(7)    Spraying for pests – speaking of those little beasties, you will want to keep an eye on your rose for tell tale signs of pests. Aphids are lovers of roses maybe even more so than we are. When you see their little plump green bodies typically under leaves or around flower buds, it is time to spray. Dad goes with Malathion Plus Insect Spray Concentrate from ORTHO but there are other malathion options – just keep the concentration at 50% or better. There are insecticides other than malathion which is not necessarily the greenest option available – check with your local nursery for effective alternatives.

To head off fungus threats like powdery mildew, rust, and black spots, he recommends Garden Safe Fungicide. HEADS-UP: if you find any of these pests on a single rose bush, it is time to spray all of your rose bushes to prevent spreading.

(8)    Tracking your actions – Dad keeps a notebook to track when he treats which plants with what products to see what works best over time. Roses are only part of his garden as he also monitors this for the lawn, citrus, and camellias, each requiring a little different treatment of TLC.

(9)    Cutting your trophy rose – all of your hard diligent work has come to this moment when you select the roses for your centerpiece arrangement, the best of the best that will showcase your creations for all to see. Not a complex procedure, you basically snip the rose at the desired length and away you go. One more HEADS-UP from Dad – “prune while you go” or in other words, take this opportunity to cut away dead and over-the-hill flowers to keep the plant healthy with all effort focused on growing more good roses.

As you walk down the fairway of life you must smell the roses, for you only get to play one round. ~ Ben Hogan

There you have it the secrets of a master rose grower and a solid introduction to grow your own roses. And your total investment – depending on the number and variety of roses you select – is under $100! What I have documented works very effectively for Dad living in Stockton California. Growing up, I vividly remember how we were ever amazed with what showed up each night in the vase on the dinner table.

As for which rose varieties to go with, there are MANY to ponder but a few of our favorites are Mr. Lincoln with its deep red magnificence and the Double Delight which we agree is the best smelling of all. Part of the fun is in searching for your personal favorite!

Welcome to the world or roses. Good luck and enjoy. And remember, after all of your work, don’t forget to take time and smell the roses…

If you are looking for other worthwhile activities to keep busy take a look at our senior activities #1 Save pictures to preserve your family history.

A Few Additional Rose Growing Resources:

If you learn better from video input, try – short presentation that starts at the beginning with how to best prepare the hole and bush for planting.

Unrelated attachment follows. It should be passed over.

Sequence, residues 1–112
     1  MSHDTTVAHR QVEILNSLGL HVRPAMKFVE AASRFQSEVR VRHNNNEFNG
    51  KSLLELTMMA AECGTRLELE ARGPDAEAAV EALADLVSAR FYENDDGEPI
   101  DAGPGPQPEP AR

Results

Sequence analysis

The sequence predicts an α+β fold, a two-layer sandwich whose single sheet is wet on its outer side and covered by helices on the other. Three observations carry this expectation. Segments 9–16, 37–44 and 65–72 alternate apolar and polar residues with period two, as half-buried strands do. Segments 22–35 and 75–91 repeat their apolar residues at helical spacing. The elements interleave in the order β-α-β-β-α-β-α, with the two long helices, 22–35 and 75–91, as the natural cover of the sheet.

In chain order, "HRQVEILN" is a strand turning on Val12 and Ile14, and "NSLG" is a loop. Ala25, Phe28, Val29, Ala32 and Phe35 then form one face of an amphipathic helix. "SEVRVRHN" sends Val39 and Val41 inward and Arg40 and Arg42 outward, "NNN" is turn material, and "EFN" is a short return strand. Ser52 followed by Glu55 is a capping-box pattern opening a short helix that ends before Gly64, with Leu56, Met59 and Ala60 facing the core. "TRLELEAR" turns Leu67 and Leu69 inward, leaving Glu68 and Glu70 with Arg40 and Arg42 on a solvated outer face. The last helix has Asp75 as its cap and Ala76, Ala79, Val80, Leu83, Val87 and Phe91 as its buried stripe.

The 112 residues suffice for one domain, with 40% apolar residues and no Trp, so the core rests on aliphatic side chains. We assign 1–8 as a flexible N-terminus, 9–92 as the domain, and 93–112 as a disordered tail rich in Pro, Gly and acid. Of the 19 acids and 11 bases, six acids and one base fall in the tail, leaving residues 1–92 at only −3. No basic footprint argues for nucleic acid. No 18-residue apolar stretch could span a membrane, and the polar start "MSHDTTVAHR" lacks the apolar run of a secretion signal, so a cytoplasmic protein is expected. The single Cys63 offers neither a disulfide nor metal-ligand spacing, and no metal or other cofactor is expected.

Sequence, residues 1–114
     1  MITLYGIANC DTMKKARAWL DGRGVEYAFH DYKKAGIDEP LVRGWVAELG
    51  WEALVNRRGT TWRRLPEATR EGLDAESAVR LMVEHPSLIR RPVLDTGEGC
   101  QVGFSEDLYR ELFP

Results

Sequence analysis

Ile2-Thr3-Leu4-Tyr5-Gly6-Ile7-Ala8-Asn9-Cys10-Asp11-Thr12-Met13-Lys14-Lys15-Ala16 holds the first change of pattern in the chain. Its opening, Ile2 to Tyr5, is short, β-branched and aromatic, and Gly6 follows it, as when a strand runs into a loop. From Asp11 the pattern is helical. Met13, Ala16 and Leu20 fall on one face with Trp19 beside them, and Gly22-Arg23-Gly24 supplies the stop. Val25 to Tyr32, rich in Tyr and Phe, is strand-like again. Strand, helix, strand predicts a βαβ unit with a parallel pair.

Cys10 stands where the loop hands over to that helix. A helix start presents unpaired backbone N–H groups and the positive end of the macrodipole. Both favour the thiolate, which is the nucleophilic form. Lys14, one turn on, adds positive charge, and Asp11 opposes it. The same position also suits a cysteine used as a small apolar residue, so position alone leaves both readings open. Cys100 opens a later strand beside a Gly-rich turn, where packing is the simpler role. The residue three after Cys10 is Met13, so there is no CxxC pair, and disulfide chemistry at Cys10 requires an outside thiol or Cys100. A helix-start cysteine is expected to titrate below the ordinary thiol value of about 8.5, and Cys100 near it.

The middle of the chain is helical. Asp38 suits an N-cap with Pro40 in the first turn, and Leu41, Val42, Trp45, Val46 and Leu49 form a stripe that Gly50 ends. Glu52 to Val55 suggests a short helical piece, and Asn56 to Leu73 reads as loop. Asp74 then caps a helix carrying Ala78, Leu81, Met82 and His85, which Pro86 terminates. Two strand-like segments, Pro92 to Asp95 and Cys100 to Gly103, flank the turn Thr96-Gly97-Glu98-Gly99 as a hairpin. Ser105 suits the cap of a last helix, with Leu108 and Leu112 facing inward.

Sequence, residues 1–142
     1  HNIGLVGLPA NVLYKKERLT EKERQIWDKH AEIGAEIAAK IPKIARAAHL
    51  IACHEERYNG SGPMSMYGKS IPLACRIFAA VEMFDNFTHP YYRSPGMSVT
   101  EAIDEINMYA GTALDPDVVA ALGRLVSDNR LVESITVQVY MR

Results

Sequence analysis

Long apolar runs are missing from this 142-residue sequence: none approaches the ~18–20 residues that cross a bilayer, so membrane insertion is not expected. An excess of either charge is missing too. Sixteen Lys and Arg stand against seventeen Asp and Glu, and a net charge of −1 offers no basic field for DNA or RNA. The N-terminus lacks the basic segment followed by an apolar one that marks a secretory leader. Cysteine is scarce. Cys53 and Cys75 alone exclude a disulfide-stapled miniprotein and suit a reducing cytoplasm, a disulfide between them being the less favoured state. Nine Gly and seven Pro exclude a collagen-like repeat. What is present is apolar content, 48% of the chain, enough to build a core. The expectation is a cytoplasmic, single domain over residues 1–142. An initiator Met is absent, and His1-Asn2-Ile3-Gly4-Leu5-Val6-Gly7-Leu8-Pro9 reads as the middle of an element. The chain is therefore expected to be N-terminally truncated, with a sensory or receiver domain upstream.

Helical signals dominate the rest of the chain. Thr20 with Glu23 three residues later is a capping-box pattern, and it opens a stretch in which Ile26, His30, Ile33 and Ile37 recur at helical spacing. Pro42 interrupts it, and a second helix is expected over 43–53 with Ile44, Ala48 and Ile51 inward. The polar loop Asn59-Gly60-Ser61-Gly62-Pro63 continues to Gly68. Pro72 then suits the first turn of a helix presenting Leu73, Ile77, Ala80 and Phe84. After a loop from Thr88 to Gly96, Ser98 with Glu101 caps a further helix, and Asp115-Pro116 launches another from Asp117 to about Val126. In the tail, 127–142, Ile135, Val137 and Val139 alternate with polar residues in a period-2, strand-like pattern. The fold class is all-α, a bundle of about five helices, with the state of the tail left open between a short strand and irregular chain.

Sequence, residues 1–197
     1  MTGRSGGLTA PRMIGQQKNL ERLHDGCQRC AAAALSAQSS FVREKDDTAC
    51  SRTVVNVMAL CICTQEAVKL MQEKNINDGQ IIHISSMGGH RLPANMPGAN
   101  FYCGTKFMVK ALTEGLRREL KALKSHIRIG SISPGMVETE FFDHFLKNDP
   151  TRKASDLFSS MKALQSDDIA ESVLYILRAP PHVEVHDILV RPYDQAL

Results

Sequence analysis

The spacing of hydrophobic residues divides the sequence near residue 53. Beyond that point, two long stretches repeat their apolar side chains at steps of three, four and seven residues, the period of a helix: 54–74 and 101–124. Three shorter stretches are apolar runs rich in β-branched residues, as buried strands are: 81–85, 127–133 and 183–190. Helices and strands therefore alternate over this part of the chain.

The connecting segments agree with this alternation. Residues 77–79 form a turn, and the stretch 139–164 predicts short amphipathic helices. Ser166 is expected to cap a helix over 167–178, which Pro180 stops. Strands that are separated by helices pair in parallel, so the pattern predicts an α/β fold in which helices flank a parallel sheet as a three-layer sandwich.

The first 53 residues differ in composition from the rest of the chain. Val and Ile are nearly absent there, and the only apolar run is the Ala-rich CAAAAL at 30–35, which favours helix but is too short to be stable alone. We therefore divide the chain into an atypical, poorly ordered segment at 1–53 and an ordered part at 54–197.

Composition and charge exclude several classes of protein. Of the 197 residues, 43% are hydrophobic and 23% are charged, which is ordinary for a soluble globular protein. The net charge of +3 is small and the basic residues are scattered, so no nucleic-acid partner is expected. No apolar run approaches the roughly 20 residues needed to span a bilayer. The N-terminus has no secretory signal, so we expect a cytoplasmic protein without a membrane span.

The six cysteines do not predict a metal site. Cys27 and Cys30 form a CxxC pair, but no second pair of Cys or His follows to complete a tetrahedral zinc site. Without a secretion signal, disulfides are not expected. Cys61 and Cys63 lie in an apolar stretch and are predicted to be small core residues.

Here is a website with basic information in selection of the right rose for your region as well as basics to keep them alive:

Stay Tuned for the next keeping busy activity for seniors where we will reveal another worthwhile way to spend your retirement days.

5 thoughts on “Activities for seniors to keep busy #2 growing roses

  1. My wife and I grew roses in our garden in the desert climate of Arizona. It was not easy. The extreme heat will burn up everything but the hardiest varieties. Even with the best care rose bushes generally only last 7-8 years.

    We went through all that because we love the look of fresh cut roses. All that effort paid off when our 17 bushes produced red, yellow, light purple, white, orange, and pink blooms.

  2. Roses are OK, and that was a great post on the subject. I prefer organic vegetable gardening. Same joys, but you get to eat your handiwork, and it’s good for ya.

  3. I have grown roses for some years but lately in my new digs on a rockpile with inferno summers, they just aren’t as easy as before. Still roses can give you purpose because for the most part, they take work and if you are looking for an activity that requires commitment, they fit the bill.

  4. One needs roses, but I also need Russian sage, geranium Rozzanne, lavender, Lillie’s, alliums, hosta, coral bells, etc., etc. Gardening is time user that brings great joy while you are doing it and even greater pleasure when you sit and enjoy the results. The best of all is to find some small plant that has beautiful leaves in the winter or flowers in Nov. or February in my zone 6 garden.

    • Bobbi I would love to see your garden! Sounds beautiful. I am planning on planting 3-4 roses in the front yard next week hoping the intense sunlight will be just what the doctor ordered. I plan to follow the guidelines from my dad (where the article came from). Enjoy those flowers!